As can be best seen from FIG. 2, the received Manchester encoded data (RECMED) is nonrepetitive, and therefore, not suitable for synchronizing the output of a phase locked loop oscillator. The received MED signals have three different periods, or frequencies. The basic frequency of the MED signals is in the preferred embodiment 5.0 MHz, with the period between voltage transitions being 100 nanosecond if the received MED signals are all logical ones or logical zeroes, and 200 nanoseconds if the received MED signals alternate between ones and zeroes. In the start of frame and end of frame delimiters, the maximum period between voltage transitions associated with two CVs is 300 nanoseconds.
The RECMED signal is applied to one input terminal of exclusive OR gate 12. The other input terminal of gate 12 is attached to a source of +5 V. D.C. which represents a logic one or HIGH. The RECMED signal is also applied to the input terminal of delay line 14. The output of gate 12 is one input to exclusive OR gate 16. The other input to gate 16 is the output at pin 4 of delay line 14. In the preferred embodiment, the output of delay line 14 applied to gate 16 is the RECMED signal delayed by 40 nanoseconds. Gates 12 and 16 and delay line 14 form differentiator 18 which produces a 40 nanosecond wide negative going pulse for each voltage transition of the received MED signals applied to differentiator 18. FIG. 2B illustrates the wave forms of the signals produced by differentiator circuit 18.
The primary clock signals, the result of differentiating the received MED signals and the output of differentiation circuit 18 are applied to a second delay line 20 and to one input terminal of three input NAND gate 22. The output of delay line 20 is a secondary clock with each secondary clock pulse being delayed 100 nanoseconds with respect to its associated primary clock pulse. Each secondary pulse is applied to a second input terminal of NAND gate 22 and to a third delay line 24. FIG. 2C illustrates the wave forms of the secondary clock pulses produced by delay line 20. The output of delay line 24 is a tertiary clock which is delayed 100 nanoseconds with respect to the associated secondary clock and 200 nanoseconds with respect to its associated primary clock pulse. Each tertiary clock pulse is applied to the third input terminal of gate 22. The wave forms of the tertiary clock are illustrated in FIG. 2D. Gate 22 combines the primary, secondary and tertiary clocks to produce a negative pulse whenever a primary, a secondary or a tertiary clock pulse is applied to its input terminals, with the pulses produced by gate 22 being the receive Manchester clock. In the preferred embodiment, the receive Manchester clock circuit 10 produces a positive going receive Manchester clock. To accomplish this, the output of gate 22 is inverted by inverter 26.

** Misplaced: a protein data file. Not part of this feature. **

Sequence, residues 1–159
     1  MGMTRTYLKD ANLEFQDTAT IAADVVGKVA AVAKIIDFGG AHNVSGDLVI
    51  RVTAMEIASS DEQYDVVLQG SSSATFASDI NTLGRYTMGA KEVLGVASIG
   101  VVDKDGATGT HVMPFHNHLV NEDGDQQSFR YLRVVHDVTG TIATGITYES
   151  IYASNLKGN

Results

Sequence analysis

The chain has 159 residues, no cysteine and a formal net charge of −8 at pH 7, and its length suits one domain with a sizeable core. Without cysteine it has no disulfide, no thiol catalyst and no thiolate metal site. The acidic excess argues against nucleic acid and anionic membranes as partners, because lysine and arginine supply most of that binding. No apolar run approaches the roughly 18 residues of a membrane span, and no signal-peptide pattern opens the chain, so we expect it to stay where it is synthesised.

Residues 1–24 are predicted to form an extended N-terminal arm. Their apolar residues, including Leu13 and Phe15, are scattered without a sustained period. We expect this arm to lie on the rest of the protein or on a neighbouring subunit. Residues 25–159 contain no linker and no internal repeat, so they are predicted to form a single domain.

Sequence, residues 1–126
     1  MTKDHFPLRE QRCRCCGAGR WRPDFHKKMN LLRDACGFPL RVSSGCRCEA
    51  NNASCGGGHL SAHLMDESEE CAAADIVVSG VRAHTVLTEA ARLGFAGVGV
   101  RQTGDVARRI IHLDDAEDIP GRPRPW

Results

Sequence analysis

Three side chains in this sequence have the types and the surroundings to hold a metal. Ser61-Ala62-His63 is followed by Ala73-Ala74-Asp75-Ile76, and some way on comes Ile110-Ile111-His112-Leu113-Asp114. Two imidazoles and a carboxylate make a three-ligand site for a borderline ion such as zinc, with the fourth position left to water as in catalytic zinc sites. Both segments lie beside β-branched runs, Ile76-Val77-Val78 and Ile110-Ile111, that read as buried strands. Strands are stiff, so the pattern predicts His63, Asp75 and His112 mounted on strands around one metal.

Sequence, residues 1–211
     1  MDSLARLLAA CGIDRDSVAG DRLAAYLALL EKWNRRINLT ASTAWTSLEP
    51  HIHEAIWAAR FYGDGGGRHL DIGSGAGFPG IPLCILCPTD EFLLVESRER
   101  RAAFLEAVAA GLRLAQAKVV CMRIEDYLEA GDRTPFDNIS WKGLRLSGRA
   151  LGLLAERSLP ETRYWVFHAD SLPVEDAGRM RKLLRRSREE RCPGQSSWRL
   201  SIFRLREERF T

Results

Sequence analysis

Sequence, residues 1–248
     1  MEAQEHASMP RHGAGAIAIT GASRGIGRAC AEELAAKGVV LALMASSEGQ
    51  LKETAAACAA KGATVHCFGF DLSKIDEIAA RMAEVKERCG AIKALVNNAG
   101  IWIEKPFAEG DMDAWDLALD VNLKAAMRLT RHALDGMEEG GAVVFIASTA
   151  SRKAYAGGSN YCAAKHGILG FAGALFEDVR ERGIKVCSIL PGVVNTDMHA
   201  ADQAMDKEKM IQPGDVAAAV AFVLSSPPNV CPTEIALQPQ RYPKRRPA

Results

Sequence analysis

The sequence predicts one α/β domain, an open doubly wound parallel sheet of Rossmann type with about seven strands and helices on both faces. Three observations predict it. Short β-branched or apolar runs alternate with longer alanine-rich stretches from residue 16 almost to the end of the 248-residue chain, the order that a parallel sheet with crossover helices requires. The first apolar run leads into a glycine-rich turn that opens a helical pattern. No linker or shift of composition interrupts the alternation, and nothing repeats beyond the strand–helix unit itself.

In FIG. 2E, the wave form of the output of circuit 10 at the output of gate 22 is illustrated, the receive Manchester clock for the received ME signals applied to circuit 10's input terminal 28. It should be noted that the spacing, or period, between clock pulses of the receive Manchester clock are substantially the same, 100 nanoseconds in the preferred embodiment which corresponds to a frequency of 10 MHz, twice the basic frequency of the applied RECMED signals.
Because for each primary clock produced by discriminator circuit 18 a secondary clock is produced 100 nanoseconds later and a tertiary clock pulse is produced 200 nanoseconds later, circuit 10 produces a Manchester receive clock pulse every 100 nanoseconds for a period 200 nanoseconds after the last voltage transition of the received MED signals is applied or after the last primary clock pulse is produced. Therefore, if a 300 nanosecond period occurs between voltage transitions of the received MED signals, two clock pulses will be inserted into the output of circuit 10 spaced 100 nanoseconds apart. While variations in the period between clock pulses of the received Manchester clock will be present, such variations will be within the capability of a phase locked loop oscillator to correct in the process of producing a reconstituted Manchester clock as taught in the application entitled "Bidirectional Repeater for Manchester Encoded Data Signals" further identified in the section of this application entitled "Cross Reference to Related Application".
While this invention has been described with reference to illustrated embodiment, the description is for illustrative purposes and is not to be construed as limiting the scope of the invention. Various modifications and changes may occur to those skilled in the art without departing from the true spirit and scope of the invention as defined by the claims hereof.
|Cited Patent||Filing date||Publication date||Applicant||Title|
|US4320525 *||Oct 29, 1979||Mar 16, 1982||Burroughs Corporation||Self synchronizing clock derivation circuit for double frequency encoded digital data|
|US4542420 *||Jan 24, 1984||Sep 17, 1985||Honeywell Inc.||Manchester decoder|
|Citing Patent||Filing date||Publication date||Applicant||Title|
|US5420730 *||Jan 11, 1994||May 30, 1995||Moon; Ronald R.||Servo data recovery circuit for disk drive having digital embedded sector servo|
|US5455530 *||Mar 9, 1994||Oct 3, 1995||Cray Computer Corporation||Duty cycle control circuit and associated method|
|US5748123 *||Jan 19, 1996||May 5, 1998||Lg Semicon Co., Ltd.||Decoding apparatus for Manchester code|
|US6987824||Sep 21, 2000||Jan 17, 2006||International Business Machines Corporation||Method and system for clock/data recovery for self-clocked high speed interconnects|
|EP0425302A2 *||Oct 26, 1990||May 2, 1991||NCR International, Inc.||Digital phase lock loop decoder|
|U.S. Classification||360/42, 360/51, 375/333|
|International Classification||H03M5/12, H04L7/04, H04L7/02|
|Cooperative Classification||H04L7/0066, H04L7/04, H03M5/12|
|European Classification||H04L7/00D3, H03M5/12|
|Mar 30, 1987||AS||Assignment|
Owner name: HONEYWELL INC., HONEYWELL PLAZA, MINNEAPOLIS, MN.
Free format text: ASSIGNMENT OF ASSIGNORS INTEREST.;ASSIGNORS:SPIESMAN, ROBERT L.;BAUMANN, BURKE B.;REEL/FRAME:004685/0361
Effective date: 19870326
Owner name: HONEYWELL INC.,MINNESOTA
Free format text: ASSIGNMENT OF ASSIGNORS INTEREST;ASSIGNORS:SPIESMAN, ROBERT L.;BAUMANN, BURKE B.;REEL/FRAME:004685/0361
Effective date: 19870326